Tuesday Briefing – The New York Times

Nearly a month after Israel began its bombardment of Gaza, the territory’s Hamas-run health ministry said more than 10,000 people had been killed and more than 25,000 injured. The figures could not be independently verified, but a Pentagon spokesman said that “we know the numbers are in the thousands.”

Israel’s military said yesterday that its troops had cut off Gaza City, effectively splitting the Gaza Strip in half, which it said would make it harder for Hamas to control the enclave.

Israel, which has vowed to destroy Hamas for its Oct. 7 massacre in southern Israel, said it had struck about 450 targets overnight in Gaza, where phone and internet connectivity seemed to be gradually returning after a communications blackout.

International pressure: The U.N., along with many nations and aid groups, has urged Israel to commit to a cease-fire or “humanitarian pause” to help Gazan civilians, but Israeli officials have resisted those calls, including from President Biden. Read our analysis on the limits of Biden’s leverage, in Ukraine as well as Israel.

Antony Blinken: The U.S. secretary of state yesterday finished his tour of the Middle East in Ankara, the Turkish capital. He said efforts by the Biden administration to increase the flow of humanitarian aid into Gaza and to prevent the conflict from expanding were making progress.

In Gaza: Doctors say they are performing surgeries without anesthesia amid severe shortages of medicine, water, food and fuel.

Donald Trump, a leading contender to win the U.S. presidential election a year from now, took the witness stand in his civil fraud trial in Manhattan. In chaotic testimony, the former president lashed out at his accusers and denied their claims, even while conceding involvement in some of the conduct at the heart of the case.

Trump attacked New York’s attorney general, Letitia James, as a “political hack,” derided the proceeding as “very unfair” and scolded the judge overseeing the case, Arthur Engoron, for having decided before the trial that he had committed fraud. “He called me a fraud, and he doesn’t know anything about me,” he said, pointing at the judge, who flashed a grin.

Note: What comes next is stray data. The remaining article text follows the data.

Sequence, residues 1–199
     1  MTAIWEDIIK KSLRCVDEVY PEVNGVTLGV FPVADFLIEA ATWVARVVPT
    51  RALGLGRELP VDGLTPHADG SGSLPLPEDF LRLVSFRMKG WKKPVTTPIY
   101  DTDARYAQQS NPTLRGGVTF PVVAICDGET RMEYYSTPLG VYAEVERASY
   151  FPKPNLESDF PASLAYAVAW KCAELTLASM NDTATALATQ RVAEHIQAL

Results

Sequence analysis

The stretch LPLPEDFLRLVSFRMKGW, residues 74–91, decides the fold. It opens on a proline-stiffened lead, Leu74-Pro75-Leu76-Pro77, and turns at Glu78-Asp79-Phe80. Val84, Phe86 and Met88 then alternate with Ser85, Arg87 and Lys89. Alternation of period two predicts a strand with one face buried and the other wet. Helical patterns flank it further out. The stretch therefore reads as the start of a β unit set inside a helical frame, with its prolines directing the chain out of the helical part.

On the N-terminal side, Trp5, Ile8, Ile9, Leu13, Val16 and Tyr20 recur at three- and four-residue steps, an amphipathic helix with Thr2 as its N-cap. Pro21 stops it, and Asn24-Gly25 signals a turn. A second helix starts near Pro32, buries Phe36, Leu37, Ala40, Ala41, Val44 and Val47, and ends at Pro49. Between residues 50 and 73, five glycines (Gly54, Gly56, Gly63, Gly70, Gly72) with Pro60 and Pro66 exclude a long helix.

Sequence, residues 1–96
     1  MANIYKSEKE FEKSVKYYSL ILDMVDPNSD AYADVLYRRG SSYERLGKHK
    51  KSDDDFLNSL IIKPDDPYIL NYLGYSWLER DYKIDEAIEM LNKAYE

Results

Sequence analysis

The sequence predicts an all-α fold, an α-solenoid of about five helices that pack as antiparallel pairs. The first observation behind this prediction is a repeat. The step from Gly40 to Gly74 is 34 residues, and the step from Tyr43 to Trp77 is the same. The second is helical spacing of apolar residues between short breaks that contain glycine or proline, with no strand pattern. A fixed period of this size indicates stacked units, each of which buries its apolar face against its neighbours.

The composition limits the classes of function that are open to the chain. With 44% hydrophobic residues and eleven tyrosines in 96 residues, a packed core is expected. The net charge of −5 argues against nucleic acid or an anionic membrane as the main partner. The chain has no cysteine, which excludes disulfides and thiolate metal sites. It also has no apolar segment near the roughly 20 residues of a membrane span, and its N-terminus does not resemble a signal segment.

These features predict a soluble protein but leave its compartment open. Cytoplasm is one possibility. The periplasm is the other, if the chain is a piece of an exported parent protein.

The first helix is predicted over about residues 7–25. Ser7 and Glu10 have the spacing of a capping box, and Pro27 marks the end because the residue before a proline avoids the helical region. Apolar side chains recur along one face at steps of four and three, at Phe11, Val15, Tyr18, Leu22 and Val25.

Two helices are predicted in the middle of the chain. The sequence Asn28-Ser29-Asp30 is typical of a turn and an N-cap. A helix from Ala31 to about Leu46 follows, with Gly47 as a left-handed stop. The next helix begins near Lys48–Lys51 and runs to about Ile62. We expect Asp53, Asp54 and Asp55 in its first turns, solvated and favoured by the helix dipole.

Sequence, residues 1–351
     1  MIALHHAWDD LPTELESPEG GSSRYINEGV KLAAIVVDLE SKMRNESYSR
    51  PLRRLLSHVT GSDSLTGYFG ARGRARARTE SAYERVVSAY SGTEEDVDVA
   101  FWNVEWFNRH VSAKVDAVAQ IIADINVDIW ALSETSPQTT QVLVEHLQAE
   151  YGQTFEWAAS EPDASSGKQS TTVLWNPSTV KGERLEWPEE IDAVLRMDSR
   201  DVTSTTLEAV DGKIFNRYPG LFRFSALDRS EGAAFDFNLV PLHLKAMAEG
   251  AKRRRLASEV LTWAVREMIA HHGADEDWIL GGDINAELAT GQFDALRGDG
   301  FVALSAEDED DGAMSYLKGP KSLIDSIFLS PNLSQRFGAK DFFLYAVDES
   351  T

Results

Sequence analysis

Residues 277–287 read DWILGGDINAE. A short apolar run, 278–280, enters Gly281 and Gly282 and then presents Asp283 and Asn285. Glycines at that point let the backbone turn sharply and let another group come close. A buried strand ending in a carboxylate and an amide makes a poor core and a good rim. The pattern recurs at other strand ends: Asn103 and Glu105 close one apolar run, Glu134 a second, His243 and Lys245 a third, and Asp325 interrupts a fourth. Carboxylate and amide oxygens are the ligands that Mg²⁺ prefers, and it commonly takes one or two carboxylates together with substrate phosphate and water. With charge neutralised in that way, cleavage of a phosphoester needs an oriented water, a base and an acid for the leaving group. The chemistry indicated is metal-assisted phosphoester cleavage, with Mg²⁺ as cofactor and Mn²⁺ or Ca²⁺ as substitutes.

Trump is accused by James of inflating his net worth to defraud banks and insurers, and he acknowledged helping to assemble annual financial statements submitted to the banks. The judge, who will decide the outcome of the case, repeatedly admonished Trump for not directly responding to questions from James’s team.

Russia hit the Ukrainian city of Odesa with missiles and drones, injuring five people and damaging an art museum, the authorities said. In another setback, Ukraine provided a death toll for a Russian strike Friday on a Ukrainian medal ceremony, saying it had lost 19 soldiers in the attack.

This is Fiona. For at least two years, she languished alone at the bottom of a Scottish cliff, growing increasingly woolly and surviving on snacks of grass. It wasn’t exactly clear how she’d gotten there — she may have been separated from her mother before falling or wandering down the hill, ending up at the bottom without a path back up.

On Saturday, the animal, dubbed Britain’s loneliest sheep, was rescued and brought to live on a farm. But some animal rights activists are concerned about her new home.

Inside Borussia Dortmund’s Footbonaut: The passing machine that trains the next generation.

At an important crossroad: What next for Spanish football after Luis Rubiales?

The James Webb Space Telescope is a giant leap in the history of stargazing, giving us detailed portraits of distant galaxies and close neighbors alike. Some of its observations have challenged our understanding of the solar system’s timeline — including what we think we know about the Big Bang — changing our view of the universe forever.

The telescope also gives us a look back in time: In some cases, light has traveled through space for 40 million years before reaching Webb’s mirrors, which means we’re seeing it as it looked 40 million years ago.